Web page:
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  18. William Bechtel & Cory D. Wright (2009). What is Psychological Explanation? In P. Calvo & J. Symons (eds.), Routledge Companion to the Philosophy of Psychology. Routledge. 113--130.
    Due to the wide array of phenomena that are of interest to them, psychologists offer highly diverse and heterogeneous types of explanations. Initially, this suggests that the question "What is psychological explanation?" has no single answer. To provide appreciation of this diversity, we begin by noting some of the more common types of explanations that psychologists provide, with particular focus on classical examples of explanations advanced in three different areas of psychology: psychophysics, physiological psychology, and information-processing psychology. To analyze what (...)
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  19. Jonathan Bentwich (2006). The Duality Principle: Irreducibility of Sub-Threshold Psychophysical Computation to Neuronal Brain Activation. Synthese 153 (3):451-455.
    A key working hypothesis in neuroscience is ‘materialistic reductionism’, i.e., the assumption whereby all physiological, behavioral or cognitive phenomena is produced by localized neurochemical brain activation (but not vice versa). However, analysis of sub-threshold Weber’s psychophysical stimulation indicates its computational irreducibility to the direct interaction between psychophysical stimulation and any neuron/s. This is because the materialistic-reductionistic working hypothesis assumes that the determination of the existence or non-existence of any psychophysical stimulation [s] may only be determined through its direct interaction [di1] (...)
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  20. John Bickle (2008). Real Reduction in Real Neuroscience : Metascience, Not Philosophy of Science (and Certainly Not Metaphysics!). In Jakob Hohwy & Jesper Kallestrup (eds.), Being Reduced: New Essays on Reduction, Explanation, and Causation. Oxford University Press.
  21. John Bickle (2006). Reducing Mind to Molecular Pathways: Explicating the Reductionism Implicit in Current Cellular and Molecular Neuroscience. [REVIEW] Synthese 151 (3):411-434.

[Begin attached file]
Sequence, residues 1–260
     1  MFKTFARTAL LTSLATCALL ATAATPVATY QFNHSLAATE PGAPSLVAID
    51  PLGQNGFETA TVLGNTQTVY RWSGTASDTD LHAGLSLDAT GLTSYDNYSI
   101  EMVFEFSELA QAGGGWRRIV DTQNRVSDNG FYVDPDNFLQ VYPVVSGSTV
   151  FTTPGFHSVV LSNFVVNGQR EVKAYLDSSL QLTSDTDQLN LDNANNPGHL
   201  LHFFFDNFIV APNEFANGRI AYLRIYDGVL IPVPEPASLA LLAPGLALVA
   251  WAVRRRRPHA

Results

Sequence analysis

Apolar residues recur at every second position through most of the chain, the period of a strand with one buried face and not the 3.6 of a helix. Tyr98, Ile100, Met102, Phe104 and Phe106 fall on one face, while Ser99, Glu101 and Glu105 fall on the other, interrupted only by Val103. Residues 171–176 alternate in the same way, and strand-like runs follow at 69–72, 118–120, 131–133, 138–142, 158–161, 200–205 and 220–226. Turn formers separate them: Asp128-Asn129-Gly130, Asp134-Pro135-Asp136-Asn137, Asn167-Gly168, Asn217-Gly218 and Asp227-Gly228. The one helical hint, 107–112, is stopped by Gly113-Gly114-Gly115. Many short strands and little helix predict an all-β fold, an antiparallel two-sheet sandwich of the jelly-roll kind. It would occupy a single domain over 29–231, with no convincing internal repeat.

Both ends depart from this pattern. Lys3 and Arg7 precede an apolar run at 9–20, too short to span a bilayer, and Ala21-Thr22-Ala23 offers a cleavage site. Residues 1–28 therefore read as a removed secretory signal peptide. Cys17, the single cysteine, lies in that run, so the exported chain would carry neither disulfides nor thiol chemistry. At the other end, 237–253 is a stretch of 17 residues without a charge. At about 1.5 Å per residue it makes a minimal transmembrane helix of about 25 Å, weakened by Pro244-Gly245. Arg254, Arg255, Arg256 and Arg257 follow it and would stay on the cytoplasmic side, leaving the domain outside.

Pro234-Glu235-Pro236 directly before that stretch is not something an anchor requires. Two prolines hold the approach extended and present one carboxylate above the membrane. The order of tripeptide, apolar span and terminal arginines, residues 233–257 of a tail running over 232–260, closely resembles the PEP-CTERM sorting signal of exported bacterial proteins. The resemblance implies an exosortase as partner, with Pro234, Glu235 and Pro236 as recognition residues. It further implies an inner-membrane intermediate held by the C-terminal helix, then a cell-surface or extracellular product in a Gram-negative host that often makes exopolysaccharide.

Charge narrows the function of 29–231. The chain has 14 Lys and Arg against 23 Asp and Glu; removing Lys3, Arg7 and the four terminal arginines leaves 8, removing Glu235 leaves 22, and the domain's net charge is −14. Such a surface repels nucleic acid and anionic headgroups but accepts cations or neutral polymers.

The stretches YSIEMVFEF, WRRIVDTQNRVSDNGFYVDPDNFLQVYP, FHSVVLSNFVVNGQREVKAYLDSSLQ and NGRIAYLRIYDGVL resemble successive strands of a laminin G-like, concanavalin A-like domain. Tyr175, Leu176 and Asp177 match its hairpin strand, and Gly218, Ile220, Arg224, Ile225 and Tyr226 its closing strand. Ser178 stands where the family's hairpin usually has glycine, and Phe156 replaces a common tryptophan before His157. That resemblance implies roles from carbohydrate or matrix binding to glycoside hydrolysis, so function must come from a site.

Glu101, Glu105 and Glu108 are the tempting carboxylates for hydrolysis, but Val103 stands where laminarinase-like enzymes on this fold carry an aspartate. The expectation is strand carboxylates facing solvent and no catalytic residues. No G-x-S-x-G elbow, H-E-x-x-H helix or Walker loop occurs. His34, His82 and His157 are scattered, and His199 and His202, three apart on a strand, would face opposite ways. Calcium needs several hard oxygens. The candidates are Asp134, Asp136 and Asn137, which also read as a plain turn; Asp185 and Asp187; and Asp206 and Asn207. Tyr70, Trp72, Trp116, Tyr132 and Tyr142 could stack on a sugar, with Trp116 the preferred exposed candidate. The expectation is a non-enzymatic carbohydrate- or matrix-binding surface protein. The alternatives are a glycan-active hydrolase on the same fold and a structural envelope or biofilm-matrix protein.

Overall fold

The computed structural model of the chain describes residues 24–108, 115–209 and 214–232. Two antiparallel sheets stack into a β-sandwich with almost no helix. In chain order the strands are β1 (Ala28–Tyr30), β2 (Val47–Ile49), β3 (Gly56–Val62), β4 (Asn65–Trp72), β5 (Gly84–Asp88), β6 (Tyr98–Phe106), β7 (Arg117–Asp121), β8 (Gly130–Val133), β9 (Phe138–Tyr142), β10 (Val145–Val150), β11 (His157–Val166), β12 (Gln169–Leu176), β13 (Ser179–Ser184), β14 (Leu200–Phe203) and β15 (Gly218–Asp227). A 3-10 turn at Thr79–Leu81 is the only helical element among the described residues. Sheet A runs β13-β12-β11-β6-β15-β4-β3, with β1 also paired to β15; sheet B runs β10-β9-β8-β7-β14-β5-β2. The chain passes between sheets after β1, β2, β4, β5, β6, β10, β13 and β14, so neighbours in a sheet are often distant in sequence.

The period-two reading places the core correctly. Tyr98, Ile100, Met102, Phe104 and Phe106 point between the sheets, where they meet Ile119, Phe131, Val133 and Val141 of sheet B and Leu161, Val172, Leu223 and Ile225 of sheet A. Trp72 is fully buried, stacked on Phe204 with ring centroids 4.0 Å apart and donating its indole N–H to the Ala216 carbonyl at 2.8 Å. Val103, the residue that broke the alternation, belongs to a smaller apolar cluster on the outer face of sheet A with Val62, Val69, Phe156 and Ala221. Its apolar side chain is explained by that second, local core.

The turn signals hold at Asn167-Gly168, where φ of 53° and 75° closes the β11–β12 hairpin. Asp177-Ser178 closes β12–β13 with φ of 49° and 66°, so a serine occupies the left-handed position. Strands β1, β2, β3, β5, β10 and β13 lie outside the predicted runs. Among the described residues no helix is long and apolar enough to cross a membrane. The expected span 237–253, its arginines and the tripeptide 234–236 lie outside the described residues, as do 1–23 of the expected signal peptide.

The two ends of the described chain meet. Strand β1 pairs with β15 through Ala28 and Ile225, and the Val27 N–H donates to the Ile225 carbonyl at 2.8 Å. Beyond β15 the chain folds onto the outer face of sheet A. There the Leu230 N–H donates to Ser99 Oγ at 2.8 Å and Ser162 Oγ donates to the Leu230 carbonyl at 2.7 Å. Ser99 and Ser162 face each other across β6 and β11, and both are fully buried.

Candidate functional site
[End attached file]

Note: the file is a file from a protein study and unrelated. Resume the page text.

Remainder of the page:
As opposed to the dismissive attitude toward reductionism that is popular in current philosophy of mind, a “ruthless reductionism” is alive and thriving in “molecular and cellular cognition”—a field of research within cellular and molecular neuroscience, the current mainstream of the discipline. Basic experimental practices and emerging results from this field imply that two common assertions by philosophers and cognitive scientists are false: (1) that we do not know much about how the brain works, and (2) that lower-level neuroscience cannot (...)
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  22. John Bickle (2005). Replies. Phenomenology and the Cognitive Sciences 4 (3):285-296.
    I reply to challenges raised by contributors to this book symposium. Key challenges include (but are not limited to): distancing my new account of reductionism-in-practice from my previous “new wave” account; clarifying my claimed “heuristic” status for higher-level investigations (including cognitive-neuroscientific ones); defending the “reorientation of philosophical desires” I claim to be required by my project; and addressing consideration about normativity.
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  23. John Bickle (2005). Molecular Neuroscience to My Rescue (Again): Reply to Looren de Jong and Schouten. Philosophical Psychology 18 (4):487-494.
    In their review essay (published in this issue), Looren de Jong and Schouten take my 2003 book to task for (among other things) neglecting to keep up with the latest developments in my favorite scientific case study (memory consolidation). They claim that these developments have been guided by psychological theorizing and have replaced neurobiology's traditional 'static' view of consolidation with a 'dynamic' alternative. This shows that my 'essential but entirely heuristic' treatment of higher-level cognitive theorizing is a mistaken view of (...)
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  24. John Bickle (2005). Precis of Philosophy and Neuroscience: A Ruthlessly Reductive Account. [REVIEW] Phenomenology and the Cognitive Sciences 4 (3):231-238.